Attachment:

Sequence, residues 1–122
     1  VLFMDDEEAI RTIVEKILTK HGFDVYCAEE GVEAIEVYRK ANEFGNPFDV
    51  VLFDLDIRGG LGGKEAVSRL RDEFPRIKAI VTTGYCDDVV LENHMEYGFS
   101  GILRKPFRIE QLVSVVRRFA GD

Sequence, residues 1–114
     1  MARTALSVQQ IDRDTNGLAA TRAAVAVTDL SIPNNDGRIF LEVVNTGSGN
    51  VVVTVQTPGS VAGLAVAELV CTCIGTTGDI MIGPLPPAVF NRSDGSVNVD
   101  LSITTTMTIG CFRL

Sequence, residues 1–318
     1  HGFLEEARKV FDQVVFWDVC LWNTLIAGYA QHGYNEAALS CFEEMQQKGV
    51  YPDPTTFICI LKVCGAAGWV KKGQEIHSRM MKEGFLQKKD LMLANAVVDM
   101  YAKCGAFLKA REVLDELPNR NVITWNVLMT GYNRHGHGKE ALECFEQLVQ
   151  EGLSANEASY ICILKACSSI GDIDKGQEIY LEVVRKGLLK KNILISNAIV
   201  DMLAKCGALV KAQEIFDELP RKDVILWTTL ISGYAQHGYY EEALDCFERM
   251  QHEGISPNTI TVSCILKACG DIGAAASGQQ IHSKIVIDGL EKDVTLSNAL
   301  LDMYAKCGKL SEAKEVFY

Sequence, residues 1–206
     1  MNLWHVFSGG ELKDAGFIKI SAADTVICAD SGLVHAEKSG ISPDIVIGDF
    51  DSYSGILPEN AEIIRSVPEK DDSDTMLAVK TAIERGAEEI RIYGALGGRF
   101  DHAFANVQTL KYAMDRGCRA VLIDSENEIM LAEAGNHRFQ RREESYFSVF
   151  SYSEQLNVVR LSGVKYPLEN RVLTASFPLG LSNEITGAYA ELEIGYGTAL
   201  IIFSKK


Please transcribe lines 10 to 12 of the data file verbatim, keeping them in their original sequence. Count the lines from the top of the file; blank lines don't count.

     1  HGFLEEARKV FDQVVFWDVC LWNTLIAGYA QHGYNEAALS CFEEMQQKGV
    51  YPDPTTFICI LKVCGAAGWV KKGQEIHSRM MKEGFLQKKD LMLANAVVDM
   101  YAKCGAFLKA REVLDELPNR NVITWNVLMT GYNRHGHGKE ALECFEQLVQ